Operating system retains top position in the 12 weeks to April 15, with HTC and Samsung selling 86 per cent of all Android handsets in the period
Android now holds half of the operating system market share in the UK to retain its number one position ahead of Apple iOS.
That is according to the latest smartphone sales data from Kantar Worldpanel ComTech in its 12 week measurements until April 15.
Android’s share is up from 44.6 per cent a year ago to 50.1 per cent. HTC and Samsung sold 86 per cent of Android handsets between them.
Despite the release of the Sony Xperia S in March, the manufacturer accounted for just 10.4 per cent of Android sales in the 12 month period, with LG holding less than one per cent.
Kantar Worldpanel ComTech global consumer insight director Dominic Sunnebo said: “With less than one week of sales, the HTC One X is already one of Britain’s 10 best-selling smartphones over this period. The release of the Sony Xperia S and the announcement of the Samsung Galaxy S3 have also added to a surge of interest from consumers looking for their next upgrade.
“We are likely to see some big changes in manufacturer shares over the coming months. Particularly as we expect to see almost 22 million consumers aged 13+ changing their mobile device in the next year, with almost 80% of these consumers buying a smartphone.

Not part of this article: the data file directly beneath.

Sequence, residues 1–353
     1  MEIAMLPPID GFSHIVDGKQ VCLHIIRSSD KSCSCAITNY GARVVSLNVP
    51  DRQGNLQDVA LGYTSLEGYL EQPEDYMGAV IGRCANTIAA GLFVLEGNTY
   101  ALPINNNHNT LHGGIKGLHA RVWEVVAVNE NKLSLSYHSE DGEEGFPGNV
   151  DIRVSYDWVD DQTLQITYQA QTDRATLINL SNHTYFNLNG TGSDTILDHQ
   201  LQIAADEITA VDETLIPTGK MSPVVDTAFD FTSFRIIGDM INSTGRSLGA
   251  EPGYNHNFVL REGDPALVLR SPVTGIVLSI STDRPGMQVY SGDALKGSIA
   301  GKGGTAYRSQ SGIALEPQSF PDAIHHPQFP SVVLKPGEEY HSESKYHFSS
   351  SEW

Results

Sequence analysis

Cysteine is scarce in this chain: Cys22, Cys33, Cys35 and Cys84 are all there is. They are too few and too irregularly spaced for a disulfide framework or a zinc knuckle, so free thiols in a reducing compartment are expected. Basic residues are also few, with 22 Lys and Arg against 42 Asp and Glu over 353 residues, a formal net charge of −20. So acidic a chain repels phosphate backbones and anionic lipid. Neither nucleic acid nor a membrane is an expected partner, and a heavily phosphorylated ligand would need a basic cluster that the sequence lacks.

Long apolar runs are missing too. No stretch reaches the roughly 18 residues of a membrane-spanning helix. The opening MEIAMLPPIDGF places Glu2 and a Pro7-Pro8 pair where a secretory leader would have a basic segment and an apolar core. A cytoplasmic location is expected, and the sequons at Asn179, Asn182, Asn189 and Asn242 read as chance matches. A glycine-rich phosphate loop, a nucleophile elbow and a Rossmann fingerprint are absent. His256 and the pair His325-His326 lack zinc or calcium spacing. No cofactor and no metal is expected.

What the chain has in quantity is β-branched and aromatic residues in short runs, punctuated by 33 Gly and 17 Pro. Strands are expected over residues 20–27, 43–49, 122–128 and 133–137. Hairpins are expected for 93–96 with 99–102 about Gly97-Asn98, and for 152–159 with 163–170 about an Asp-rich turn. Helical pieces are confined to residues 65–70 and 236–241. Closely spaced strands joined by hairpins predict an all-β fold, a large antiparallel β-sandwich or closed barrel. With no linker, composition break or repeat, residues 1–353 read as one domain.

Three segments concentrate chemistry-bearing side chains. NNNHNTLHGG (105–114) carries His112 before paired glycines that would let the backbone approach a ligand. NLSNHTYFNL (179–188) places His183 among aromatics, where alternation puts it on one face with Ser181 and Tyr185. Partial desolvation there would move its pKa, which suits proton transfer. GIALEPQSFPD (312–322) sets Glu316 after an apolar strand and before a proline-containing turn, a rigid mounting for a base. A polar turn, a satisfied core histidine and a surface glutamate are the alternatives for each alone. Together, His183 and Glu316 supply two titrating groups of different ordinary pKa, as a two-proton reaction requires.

The data showed that only 11 per cent of Sony feature phone users upgraded to one of its smartphones in the past year, with the figure lower for LG at four per cent.
Apple iOS grew 11.4 per cent to hold a 30 per cent share. Between them, Android and Apple have hold an 80.1 per cent share of the operating system market in the UK.
Research In Motion (RIM) saw its OS share fall 7.2 per cent year-on-year to 14.3 per cent, whilst share of the Windows Phone 7 OS rose 2.5 per cent to 3.3 per cent.
Sunnebo added: “With smartphone penetration in the UK at 53.1%, the pool of feature phone users left to trade up is beginning to diminish. This means that smartphone manufacturers need to step up their game and find ways of stealing consumers from their competitors – something that usually proves harder than convincing existing customers to trade up from feature phone to smartphone.
“Rich new content and features are a big driver for consumers looking to trade up. However, convincing users to switch brands requires an emphasis on the user experience – an area in which Apple excels.
“Consumers have come to expect top-end hardware and manufacturers are responding with innovative software, good services and exclusive content partnerships. These expectations from tech-savvy customers are yet another obstacle for Asian manufacturers, such as Huawei and ZTE, who will attempt to make a splash by releasing high-end models in the coming months.”